obtained with and without radiation are shown in

Figs. 35. The variation of temperature along the furnace centerline is presented in Fig. 3. In Fig. 4, radial

proles of the temperature are shown for four consecutive axial locations; two near the inlets and two near

the middle of the furnace. It is shown that accounting

for radiation in the computational analysis, by any of

between the predictions and the experimental data.

The reduction of the mean temperature in the furnace is signicant, and is more pronounced in the

upstream direction, towards the furnace outlet. Close

to the furnace inlets, on the other hand, an increase in

temperature is predicted. This shows that the reactant

mixture heating eect, due to the ame backward radiation, is better represented when radiative heat transfer

is taken into account (see Fig. 3). Similar observations

can be made from the radial temperature proles

shown in Fig. 4, at x = 0.04 m and x = 0.1 m. In the

main combustion zone, where higher temperatures are

reached, the eects of radiation are more evident and

extend all over the furnace diameter (see Fig. 4, radial

proles at x = 0.2 m and x = 0.4 m). No signicant

dierences are observed between the predicted temperatures with the two radiation models.

Despite the fact that the overall heat released is the

same in all the examined cases, radiative heat transfer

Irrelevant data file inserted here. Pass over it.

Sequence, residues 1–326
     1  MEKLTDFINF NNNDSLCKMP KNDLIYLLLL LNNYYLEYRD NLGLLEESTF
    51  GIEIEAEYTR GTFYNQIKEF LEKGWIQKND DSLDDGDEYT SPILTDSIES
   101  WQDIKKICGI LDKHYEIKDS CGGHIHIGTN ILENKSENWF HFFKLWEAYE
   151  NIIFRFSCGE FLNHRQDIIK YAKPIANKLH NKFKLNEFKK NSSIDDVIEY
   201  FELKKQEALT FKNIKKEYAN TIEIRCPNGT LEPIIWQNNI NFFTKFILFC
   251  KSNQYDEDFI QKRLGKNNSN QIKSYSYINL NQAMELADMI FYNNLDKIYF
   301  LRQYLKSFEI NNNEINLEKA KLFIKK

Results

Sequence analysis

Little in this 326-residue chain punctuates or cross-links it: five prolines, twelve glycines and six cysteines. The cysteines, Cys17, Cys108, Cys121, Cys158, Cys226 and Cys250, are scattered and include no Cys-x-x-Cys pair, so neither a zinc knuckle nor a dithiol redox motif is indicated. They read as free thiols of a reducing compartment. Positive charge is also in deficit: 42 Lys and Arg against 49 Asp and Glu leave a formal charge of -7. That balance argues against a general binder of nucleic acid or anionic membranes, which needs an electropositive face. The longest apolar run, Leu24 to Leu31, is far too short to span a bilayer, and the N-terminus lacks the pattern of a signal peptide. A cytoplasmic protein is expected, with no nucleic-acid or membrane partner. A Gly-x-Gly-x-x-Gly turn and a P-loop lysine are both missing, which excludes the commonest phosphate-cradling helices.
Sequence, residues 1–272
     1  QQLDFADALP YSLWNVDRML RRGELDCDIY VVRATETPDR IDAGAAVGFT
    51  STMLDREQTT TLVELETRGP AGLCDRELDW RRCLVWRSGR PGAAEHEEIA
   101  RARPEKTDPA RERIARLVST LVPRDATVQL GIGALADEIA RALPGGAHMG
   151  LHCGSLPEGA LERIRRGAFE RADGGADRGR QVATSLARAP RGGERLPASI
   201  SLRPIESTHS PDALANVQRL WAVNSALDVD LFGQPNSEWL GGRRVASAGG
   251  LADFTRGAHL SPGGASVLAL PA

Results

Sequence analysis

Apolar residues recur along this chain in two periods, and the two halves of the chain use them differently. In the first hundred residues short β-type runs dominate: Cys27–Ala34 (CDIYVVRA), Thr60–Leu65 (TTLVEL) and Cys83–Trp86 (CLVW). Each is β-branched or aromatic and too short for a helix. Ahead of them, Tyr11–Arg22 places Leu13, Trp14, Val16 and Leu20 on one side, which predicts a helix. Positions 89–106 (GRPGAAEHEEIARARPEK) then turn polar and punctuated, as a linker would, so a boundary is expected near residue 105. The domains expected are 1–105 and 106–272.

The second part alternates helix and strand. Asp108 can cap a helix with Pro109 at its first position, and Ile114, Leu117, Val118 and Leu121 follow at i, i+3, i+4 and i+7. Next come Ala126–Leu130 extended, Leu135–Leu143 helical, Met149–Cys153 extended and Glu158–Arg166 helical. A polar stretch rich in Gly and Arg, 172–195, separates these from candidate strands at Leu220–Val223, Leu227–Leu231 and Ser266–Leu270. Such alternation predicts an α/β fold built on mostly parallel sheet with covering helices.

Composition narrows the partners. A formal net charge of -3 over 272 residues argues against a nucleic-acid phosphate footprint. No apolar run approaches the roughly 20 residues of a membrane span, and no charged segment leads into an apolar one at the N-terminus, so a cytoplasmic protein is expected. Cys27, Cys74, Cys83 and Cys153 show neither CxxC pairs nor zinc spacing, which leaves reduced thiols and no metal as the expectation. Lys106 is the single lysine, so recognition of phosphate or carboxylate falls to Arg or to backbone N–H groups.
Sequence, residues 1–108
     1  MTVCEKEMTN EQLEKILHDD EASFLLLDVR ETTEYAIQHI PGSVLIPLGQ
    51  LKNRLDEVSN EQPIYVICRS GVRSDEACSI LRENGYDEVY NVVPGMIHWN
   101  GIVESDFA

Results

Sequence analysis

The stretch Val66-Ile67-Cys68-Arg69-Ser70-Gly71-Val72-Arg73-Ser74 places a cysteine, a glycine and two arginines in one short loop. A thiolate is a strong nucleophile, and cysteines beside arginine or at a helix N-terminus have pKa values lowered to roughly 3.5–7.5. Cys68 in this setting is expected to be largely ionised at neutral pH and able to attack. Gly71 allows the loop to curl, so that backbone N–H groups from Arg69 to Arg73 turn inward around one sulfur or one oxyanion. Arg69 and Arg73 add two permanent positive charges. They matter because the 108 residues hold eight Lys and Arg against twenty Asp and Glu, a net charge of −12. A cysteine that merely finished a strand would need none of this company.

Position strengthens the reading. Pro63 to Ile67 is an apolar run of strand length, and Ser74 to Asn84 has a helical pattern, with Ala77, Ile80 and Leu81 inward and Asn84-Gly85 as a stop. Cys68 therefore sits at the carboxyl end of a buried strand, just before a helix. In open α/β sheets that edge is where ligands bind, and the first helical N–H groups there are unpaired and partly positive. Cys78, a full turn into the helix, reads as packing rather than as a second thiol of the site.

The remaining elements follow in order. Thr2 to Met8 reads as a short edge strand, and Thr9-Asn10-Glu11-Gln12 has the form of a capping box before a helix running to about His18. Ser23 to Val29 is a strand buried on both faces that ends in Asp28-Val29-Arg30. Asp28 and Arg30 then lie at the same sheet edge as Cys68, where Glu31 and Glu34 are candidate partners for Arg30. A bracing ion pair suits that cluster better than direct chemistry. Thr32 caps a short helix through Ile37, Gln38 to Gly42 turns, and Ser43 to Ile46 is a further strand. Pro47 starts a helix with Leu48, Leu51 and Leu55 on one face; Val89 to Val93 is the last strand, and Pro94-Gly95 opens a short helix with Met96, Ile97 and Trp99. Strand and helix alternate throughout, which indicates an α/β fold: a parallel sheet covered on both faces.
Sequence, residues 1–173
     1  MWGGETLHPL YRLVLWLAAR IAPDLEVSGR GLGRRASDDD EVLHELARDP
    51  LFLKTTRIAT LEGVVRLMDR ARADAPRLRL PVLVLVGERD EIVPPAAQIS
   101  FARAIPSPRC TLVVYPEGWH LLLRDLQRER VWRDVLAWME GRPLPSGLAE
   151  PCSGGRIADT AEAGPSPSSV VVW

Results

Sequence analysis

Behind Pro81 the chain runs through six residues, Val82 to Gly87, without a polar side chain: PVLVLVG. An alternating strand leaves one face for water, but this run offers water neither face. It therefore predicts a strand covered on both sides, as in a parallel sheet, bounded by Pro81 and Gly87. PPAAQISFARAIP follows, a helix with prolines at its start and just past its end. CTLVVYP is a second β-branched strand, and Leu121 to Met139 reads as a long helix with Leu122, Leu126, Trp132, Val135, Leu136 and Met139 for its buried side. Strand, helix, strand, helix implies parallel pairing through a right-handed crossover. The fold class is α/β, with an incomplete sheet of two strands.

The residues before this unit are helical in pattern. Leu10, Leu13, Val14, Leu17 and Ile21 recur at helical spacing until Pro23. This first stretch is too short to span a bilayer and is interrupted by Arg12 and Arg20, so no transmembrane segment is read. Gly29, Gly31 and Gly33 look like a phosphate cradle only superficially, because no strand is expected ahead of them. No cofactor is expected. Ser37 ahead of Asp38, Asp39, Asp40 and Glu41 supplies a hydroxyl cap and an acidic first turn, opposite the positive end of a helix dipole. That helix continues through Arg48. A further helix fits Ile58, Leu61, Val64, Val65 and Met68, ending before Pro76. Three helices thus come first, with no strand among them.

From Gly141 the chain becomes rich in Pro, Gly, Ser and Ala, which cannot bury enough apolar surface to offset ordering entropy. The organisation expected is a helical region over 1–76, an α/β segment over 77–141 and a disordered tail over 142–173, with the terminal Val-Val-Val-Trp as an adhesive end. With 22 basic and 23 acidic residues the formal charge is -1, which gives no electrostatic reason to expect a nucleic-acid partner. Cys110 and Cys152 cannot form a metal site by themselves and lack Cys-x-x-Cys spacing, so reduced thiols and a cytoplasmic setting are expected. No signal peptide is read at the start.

is responsible for reducing the size of the high temperature regions of the ame and for shifting them

towards the furnace inlet, as it is shown by the temperature contours in Fig. 5. As a result, more heat is

released close to the burner when radiation is taken

into account, resulting to steeper temperature gradients

towards the furnace outlet. The combustion gases

leave the furnace with nearly 60% lower temperature.

This reduction of the gas enthalpy content at the outlet

is counter-balanced by the increase of the total heat

ux across the axial wall of the furnace; the total heat

loss from the wall is increased by four times.

Fig. 6 shows the variation of the heat ux along

the furnace axial wall. Absolute wall heat ux

values are signicantly increased when radiation is

taken into account. The main combustion zone temperatures, around the central part of the furnace do

not seem to directly aect the heat losses from the

1806

Fig. 4. Radial temperature proles at distances 0.04, 0.1, 0.2 and 0.4 m from entrance.

1807

total heat ux from the furnace wall is due to the

sum of contributions of the convective and radiative

heat transfer. The axial location of the maximum

wall heat-ux value is shifted downstream, where

maximum temperatures are encountered in the main

combustion zone of the furnace. The total heat

leaving through the axial wall of the system has

increased about four times.